Victor Vasarely - Sharing Forms - Centre George Pompidou

Published on 03/03/2019

Considered the father of optical art, figure of the 60s and 70s, the Hungarian artist Victor Vasarely (Pecs 1906 - Paris 1997) was a fervent advocate of art for all. The colorful and geometric images of his works, which play on the illusion, have been imposed in everyday life for two decades. Painting, book covers, albums (including David Bowie’s Space Oddity) TV sets, objects, logo (Renault), architecture, fashion, or magazines, Vasarely is everywhere ... until the overdose at the end of the years 70.

More or less forgotten, or discredited, at the end of the last century, he is now rehabilitated, inspires artists of the new generation, and is highlighted with this first major retrospective at the Center Pompidou.

Victor Vasarely was formed in Budapest. Student of Sandor Bortnyik, his first works are in the continuity of the Bauhaus spirit. When he arrived in Paris at the age of 24, he started as a graphic designer in advertising agencies. His style, his "optical" touch, are already installed in his first works such Zebras of 1938 or The Whale and the Watter Drop, beautiful.

The revelation comes when he is on Belle-Isle-en-Mer, during a stay in 1947, on a pebble beach. Inspiration ... the shapes of the pebbles, the rhythm of the waves, the shape of the clouds ... everything is united by the same shapes and the same forces. There, he invents his geometry of the real. He consolidates it in Gordes, with the shape of the houses, the carved fields of lavender ... Gordes, Luberon, Santorini, the works are geometric, colorful ...

But his touch, the event, are his black and white canvases of the early 50s. Optics, geometric, kinetic and mobile, it is the birth of the optical art, the Op art, and the revolution of the geometric abstraction. Vasarely is interested in the perception of forms, not just shapes. Each painting is stunning and disturbing, interesting both in its entirety and in every detail. The execution is bluffing, like the paintings of the following years besides. The positive and the negative are reversible, a deployment of waves is executed on the surface of the painting, the form changes, never stabilizes, stuns, then swells, sinks ... A mixture of poetry and science transpires of these black and white works such as Vega and Tlinko in 1956, or Naissances in 1958.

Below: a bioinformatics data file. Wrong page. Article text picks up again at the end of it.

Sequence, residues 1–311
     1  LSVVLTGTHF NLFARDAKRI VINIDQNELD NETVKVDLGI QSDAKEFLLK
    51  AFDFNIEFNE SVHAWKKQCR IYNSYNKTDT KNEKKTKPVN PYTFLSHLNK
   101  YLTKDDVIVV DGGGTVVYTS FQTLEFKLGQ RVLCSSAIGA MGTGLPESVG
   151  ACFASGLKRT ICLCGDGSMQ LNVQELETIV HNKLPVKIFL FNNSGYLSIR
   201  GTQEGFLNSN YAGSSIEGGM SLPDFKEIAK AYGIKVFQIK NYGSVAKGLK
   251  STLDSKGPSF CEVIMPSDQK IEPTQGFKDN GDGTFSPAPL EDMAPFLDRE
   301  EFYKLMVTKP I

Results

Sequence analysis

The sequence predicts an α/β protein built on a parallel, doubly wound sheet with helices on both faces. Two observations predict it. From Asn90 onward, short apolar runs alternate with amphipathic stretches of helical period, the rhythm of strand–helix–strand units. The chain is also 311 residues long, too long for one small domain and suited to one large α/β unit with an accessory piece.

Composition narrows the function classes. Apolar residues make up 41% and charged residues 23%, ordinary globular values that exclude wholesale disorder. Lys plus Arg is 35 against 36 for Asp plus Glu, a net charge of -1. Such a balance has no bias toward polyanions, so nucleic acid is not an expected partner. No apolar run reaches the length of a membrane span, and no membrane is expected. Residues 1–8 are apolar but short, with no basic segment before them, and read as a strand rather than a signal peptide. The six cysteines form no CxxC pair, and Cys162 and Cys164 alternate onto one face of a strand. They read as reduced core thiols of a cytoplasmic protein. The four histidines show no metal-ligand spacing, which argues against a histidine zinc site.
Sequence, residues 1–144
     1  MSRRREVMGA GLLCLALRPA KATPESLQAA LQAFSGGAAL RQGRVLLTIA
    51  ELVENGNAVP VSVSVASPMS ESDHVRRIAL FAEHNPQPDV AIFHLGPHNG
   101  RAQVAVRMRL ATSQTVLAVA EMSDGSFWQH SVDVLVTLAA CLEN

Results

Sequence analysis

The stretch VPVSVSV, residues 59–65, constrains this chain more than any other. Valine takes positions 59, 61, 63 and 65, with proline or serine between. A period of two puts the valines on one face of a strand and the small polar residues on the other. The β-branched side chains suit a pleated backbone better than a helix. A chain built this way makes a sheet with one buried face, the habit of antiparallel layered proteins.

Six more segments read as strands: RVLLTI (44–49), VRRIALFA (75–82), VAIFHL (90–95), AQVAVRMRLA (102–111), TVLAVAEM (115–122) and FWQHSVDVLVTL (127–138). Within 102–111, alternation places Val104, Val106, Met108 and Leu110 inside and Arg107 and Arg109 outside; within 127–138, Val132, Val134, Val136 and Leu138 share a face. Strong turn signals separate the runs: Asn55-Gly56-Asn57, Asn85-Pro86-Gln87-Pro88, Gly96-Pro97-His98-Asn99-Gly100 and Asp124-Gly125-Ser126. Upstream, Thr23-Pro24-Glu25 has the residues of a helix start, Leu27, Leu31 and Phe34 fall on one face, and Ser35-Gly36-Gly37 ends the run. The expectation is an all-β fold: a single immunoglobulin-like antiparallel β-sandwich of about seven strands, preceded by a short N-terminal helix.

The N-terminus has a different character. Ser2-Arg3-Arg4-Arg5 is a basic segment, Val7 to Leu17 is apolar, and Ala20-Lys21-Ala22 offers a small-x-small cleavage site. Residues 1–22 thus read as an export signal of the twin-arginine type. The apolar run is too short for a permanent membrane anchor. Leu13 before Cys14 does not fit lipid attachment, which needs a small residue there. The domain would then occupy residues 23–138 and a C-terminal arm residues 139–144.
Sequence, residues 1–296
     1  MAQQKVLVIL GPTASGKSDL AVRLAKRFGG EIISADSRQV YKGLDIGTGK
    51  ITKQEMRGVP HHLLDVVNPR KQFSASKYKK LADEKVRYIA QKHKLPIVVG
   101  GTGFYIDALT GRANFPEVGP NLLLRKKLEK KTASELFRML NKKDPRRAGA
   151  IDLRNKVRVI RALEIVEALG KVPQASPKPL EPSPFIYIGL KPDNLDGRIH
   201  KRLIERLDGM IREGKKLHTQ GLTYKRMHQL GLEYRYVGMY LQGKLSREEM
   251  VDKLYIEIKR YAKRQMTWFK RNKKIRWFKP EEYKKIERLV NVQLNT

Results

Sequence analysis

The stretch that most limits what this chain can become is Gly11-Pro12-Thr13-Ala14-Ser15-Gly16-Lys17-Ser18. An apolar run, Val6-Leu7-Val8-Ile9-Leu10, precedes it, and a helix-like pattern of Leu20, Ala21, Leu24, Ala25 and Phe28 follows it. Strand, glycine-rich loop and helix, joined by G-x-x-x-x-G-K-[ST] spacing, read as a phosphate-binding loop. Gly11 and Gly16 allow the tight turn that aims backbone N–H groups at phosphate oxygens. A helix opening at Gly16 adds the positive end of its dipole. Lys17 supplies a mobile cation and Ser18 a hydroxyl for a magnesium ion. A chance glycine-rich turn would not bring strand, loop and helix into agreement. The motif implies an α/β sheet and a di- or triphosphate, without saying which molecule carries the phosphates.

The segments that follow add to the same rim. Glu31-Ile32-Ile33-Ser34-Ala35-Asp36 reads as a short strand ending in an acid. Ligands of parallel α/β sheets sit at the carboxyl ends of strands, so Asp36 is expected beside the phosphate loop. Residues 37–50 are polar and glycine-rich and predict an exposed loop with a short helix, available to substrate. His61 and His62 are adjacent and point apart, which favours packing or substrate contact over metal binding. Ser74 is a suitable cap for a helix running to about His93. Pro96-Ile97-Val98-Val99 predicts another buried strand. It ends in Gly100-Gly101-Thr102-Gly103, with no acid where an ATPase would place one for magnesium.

Note also the very interesting tribute to Malevich (1954-1958), a double negative-positive picture in which the moving square deforms, becomes rhombus, and seems to open like a door. A favorite.

In the early 1960s, Vasarely returned to color, and developed a plastic alphabet based on geometric shapes and color, a vocabulary of its own and that allows him all geometric expressions, a universal language based on a system of colored squares in which shapes and colors are then embedded, deformed and connected to give gradient and relief effects. An almost infinite number of combinations is allowed. A chiaroscuro of a new kind springs from this language. In all directions of the grid, the darkening or lightening of hues follows a perfectly predictable and measurable progression. The works, between science and fiction, which arise from them bear cosmic names: Vega Nor in 1969, Vega 200 in 1968, Tridim, Vonal ... The effect is striking, astonishing, from near and far ...

The Center Pompidou's exhibition is very well structured, very well documented, and the scenography is perfectly adapted to the eclectic and technophile side of the artist. The visit is even more interesting as it is chronological, which allows the art lover to follow the evolution and progress of the work of Vasarely. A must see.

Centre Pompidou, until May 6, 2019


Centre Pompidou - "Sharing Forms"

Fondation Vasarely in Aix en Provence


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